All at sea
So what does this mean for the review carried out by the former defence chief Angus Houston and former Labor defence minister Stephen Smith?
“We need to refocus the ADF – and this is a non-trivial issue – so it is essentially a maritime strike capability,” Dibb says.
“By maritime I don’t just mean at sea or under the sea. I mean over the sea, with long-range strike missiles and long-range strike air force capabilities. The implications of that are that we need lots of long-range strike weapons – and we need to get a wriggle on. We have very few weapons in stockpile.”
The aim, Dibb says, is to deny any potential adversary into not just Australia’s close coastal areas, but into its strategic approaches out to a couple of thousand kilometres.
“The real test for this review will be to say to army: you’re no longer going to be structured for fighting wars like Korea, Vietnam, Afghanistan and the Middle East, you actually have got to stop thinking about spending $27bn on infantry fighting vehicles,” he says.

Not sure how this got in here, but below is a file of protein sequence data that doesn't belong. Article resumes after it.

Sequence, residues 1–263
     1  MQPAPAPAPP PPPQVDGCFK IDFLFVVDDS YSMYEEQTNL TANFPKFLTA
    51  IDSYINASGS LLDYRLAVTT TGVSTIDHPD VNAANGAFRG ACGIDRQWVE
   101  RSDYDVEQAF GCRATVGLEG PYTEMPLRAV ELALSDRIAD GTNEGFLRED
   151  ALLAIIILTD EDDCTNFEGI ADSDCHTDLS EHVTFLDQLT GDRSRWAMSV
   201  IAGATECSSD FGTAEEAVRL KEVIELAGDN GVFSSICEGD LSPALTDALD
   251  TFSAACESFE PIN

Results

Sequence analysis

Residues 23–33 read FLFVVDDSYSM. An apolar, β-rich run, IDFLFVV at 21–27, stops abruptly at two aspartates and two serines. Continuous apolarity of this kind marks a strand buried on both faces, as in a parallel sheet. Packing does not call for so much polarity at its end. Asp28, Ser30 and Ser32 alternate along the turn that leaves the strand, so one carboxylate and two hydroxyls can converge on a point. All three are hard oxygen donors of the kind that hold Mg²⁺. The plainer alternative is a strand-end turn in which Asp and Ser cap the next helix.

Scrapping the project to acquire up to 450 infantry fighting vehicles would trigger controversy within the army, which has argued it needs a replacement for Australia’s Vietnam war-era armoured personnel carriers. Army figures have also warned against being too confident about predicting future wars.
But Dibb continues: “The new role for army in my view demands a serious historical and cultural change in the army leadership and that is, they should be equipped with trucks that have highly precise long-range strike missiles on them. You deploy them when necessary, to the north of Australia, on the big C-17s.